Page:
Your money is important to you and your business, therefore it’s vital to do your homework and find the right person to help you manage your money. A good starting point in finding a financial advisor is to ask your friends, family, or colleagues for recommendations. You can do additional research online, but your personal resources are a good place to begin.
It’s important to remember that when taking financial advice from a professional to ask them if they personally invest in what they are recommending you invest in. Consider asking, “Why would I invest in something that you would not invest in yourself?” If they can’t give you an answer that makes sense, you may need to keep looking.
Here are some additional things to keep in mind when finding a financial advisor:
Look for a fiduciary. This word is very important. It means that the financial planner has your best interests in mind at all times. Advisors who carry a fiduciary responsibility are legally bound to do the very best for you, and to put you first in all their planning and product selection. Keep in mind, these products may not always be the best for you, and it’s always okay to ask questions.
Look for a planner that is a CFP. CFP stands for Certified Financial Planner. CFP’s are licensed and regulated, and take mandatory continuing education on ethics and other aspects of financial planning.
Understand how the planner gets paid. This is an important one. You should know what type of financial advisor you are working with: fee-based or commission-based. You typically want to avoid commission-based advisors, as they may suggest products or investments you do not need or want. Planners who work on commission may also have incentives to push a certain brand or type of mutual fund if they’re getting a cut of the revenue they generate from the product.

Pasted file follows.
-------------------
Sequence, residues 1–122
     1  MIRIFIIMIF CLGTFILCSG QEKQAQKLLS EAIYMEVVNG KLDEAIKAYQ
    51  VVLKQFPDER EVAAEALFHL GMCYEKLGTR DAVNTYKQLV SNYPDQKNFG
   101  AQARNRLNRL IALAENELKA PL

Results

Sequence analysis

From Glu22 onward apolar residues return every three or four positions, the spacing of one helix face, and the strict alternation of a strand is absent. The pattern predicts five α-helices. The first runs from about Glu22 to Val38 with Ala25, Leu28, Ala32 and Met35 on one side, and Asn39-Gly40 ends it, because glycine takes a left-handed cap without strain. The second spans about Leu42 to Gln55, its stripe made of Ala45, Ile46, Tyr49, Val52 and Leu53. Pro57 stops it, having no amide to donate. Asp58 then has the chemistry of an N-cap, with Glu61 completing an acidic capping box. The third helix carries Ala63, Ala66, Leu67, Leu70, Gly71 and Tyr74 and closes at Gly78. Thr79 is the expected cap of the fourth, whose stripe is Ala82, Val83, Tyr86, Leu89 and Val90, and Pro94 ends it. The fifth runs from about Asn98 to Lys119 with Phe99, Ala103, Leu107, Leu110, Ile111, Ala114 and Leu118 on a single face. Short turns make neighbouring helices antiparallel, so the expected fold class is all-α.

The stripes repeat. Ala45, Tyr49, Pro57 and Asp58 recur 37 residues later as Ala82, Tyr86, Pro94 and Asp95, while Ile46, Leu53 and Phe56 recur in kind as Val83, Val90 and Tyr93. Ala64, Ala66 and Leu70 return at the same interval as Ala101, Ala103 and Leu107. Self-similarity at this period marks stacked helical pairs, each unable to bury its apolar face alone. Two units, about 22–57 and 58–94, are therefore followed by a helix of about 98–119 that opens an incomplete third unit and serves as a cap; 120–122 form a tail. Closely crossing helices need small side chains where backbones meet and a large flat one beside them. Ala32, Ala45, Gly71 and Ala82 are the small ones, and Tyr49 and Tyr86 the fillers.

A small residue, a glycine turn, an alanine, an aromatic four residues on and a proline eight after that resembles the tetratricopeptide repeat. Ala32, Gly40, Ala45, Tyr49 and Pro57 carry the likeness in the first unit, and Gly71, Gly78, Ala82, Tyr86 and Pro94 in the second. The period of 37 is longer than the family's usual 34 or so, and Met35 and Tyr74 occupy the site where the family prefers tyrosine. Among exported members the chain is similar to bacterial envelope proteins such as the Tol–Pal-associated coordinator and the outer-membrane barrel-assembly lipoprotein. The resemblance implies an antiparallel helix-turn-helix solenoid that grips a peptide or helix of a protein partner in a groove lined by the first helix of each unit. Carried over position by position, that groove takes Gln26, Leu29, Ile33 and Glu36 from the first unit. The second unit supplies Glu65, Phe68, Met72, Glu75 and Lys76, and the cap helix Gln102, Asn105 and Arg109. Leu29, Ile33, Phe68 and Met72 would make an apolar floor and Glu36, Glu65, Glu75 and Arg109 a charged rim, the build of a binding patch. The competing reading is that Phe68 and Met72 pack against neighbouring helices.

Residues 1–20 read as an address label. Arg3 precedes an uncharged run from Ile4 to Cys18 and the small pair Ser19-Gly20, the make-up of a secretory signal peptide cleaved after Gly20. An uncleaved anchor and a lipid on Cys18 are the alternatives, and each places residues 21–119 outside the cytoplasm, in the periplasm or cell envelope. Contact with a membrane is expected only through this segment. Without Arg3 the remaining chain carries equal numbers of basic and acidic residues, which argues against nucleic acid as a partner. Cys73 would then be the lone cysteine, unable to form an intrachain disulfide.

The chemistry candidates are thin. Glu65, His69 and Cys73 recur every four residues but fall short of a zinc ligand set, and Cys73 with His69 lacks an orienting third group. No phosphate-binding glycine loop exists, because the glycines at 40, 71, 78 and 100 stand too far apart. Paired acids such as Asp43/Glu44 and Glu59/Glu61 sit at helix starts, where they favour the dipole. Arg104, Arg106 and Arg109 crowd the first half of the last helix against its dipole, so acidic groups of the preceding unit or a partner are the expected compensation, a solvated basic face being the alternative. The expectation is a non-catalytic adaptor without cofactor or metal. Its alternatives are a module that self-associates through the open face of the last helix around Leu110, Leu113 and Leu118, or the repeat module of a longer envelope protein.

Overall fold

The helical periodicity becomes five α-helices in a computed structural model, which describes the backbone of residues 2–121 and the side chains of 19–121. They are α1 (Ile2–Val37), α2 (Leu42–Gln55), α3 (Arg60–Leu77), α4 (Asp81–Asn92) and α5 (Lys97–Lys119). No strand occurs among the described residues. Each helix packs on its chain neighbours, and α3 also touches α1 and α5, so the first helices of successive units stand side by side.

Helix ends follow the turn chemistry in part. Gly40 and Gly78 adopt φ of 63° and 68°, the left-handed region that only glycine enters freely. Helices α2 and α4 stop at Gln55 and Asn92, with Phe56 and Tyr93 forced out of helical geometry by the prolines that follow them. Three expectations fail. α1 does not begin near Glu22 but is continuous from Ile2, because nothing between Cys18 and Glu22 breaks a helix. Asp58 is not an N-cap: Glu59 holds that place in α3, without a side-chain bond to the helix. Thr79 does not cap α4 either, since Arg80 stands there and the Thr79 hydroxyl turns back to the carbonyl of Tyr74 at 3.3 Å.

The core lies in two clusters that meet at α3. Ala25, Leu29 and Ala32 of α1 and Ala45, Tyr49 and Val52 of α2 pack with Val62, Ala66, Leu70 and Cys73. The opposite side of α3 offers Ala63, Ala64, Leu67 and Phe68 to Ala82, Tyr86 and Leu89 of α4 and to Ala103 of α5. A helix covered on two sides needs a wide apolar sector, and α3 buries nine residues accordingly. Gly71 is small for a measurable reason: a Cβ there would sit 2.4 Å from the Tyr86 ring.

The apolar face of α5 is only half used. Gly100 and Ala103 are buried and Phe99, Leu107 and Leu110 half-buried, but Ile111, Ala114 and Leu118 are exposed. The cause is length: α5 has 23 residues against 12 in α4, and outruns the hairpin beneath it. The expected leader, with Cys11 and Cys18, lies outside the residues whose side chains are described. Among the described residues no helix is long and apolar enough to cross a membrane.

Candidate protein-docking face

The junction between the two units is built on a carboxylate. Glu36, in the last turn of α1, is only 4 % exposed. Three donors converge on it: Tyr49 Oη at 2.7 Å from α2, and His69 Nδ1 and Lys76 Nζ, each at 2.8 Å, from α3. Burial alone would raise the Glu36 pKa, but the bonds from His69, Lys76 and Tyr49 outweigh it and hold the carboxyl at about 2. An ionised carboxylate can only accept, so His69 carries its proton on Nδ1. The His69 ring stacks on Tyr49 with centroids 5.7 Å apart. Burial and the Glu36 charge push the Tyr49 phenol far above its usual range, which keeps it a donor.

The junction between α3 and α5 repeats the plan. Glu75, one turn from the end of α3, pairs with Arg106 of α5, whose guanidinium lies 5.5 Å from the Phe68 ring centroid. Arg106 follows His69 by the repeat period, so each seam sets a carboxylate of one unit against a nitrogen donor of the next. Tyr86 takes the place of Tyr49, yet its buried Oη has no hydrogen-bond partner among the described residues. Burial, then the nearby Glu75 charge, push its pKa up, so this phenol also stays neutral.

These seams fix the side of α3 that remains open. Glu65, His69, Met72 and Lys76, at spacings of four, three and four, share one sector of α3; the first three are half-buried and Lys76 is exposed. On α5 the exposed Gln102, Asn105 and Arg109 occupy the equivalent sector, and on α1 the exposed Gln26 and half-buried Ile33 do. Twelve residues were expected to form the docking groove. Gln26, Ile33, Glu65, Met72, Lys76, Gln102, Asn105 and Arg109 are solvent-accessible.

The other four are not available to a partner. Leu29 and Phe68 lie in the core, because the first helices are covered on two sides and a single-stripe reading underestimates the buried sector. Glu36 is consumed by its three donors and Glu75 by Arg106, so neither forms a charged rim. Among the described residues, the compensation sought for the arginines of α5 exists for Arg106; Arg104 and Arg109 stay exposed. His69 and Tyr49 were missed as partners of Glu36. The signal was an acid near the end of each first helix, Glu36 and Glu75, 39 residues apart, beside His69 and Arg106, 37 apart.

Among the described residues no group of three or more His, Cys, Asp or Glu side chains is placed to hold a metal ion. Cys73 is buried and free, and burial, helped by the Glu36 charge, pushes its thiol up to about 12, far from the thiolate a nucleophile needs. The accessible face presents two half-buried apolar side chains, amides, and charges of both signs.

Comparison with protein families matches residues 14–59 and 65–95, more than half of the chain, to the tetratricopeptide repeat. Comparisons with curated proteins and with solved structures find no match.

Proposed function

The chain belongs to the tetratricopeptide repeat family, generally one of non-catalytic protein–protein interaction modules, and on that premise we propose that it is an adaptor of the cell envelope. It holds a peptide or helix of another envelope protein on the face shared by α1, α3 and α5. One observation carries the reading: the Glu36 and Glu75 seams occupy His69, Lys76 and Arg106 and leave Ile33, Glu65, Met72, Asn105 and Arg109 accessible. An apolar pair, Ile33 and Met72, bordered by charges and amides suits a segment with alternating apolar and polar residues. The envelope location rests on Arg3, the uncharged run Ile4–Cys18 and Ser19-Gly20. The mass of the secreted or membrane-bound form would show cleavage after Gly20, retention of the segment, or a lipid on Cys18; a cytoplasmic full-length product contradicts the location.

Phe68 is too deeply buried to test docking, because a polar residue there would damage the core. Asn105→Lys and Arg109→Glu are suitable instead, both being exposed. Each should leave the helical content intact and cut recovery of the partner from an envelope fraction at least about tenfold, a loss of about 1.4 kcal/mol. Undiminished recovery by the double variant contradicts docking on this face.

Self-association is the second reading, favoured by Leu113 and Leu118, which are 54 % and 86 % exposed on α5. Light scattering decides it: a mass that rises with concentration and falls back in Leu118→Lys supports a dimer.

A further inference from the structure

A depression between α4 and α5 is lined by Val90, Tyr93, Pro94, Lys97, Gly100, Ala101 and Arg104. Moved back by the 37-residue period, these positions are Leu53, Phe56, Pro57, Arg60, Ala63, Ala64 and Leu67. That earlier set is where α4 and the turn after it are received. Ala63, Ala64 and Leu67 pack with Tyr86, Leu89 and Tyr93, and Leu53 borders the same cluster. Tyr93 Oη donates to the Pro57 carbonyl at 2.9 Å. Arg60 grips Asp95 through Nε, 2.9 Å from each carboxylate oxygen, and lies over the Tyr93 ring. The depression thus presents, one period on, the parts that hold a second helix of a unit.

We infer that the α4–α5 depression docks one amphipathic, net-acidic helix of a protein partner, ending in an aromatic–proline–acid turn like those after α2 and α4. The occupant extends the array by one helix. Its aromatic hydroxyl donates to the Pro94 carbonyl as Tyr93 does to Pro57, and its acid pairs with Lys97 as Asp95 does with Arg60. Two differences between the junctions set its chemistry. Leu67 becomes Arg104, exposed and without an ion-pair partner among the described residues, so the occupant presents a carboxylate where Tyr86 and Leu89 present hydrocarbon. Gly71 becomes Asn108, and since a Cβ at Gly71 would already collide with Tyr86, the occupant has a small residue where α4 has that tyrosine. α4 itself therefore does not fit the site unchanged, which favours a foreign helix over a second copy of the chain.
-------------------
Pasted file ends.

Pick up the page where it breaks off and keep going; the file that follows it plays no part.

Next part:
Like their personality. To be able to work well with someone, you must have good communication and have the ability to get along. A good advisor will be friendly and professional, and be available to you (calling back promptly) to have your best interests in mind. If you can see them as a friend or colleague, you will be able to communicate openly with your needs and what is best for you.
When looking for an advisor, always be sure to do your homework. Do some research, talk to people, search around online. You can always meet someone and change your mind if you don’t feel good about them. Remember, this is your money – it’s your job to decide what’s best to do with it!
Resource for finding fee-only advisors (not commission based): http://findanadvisor.napfa.org/Home.aspx
Additional questions to ask when looking for an advisor: http://www.forbes.com/sites/laurashin/2013/05/09/10-questions-to-ask-when-choosing-a-financial-advisor/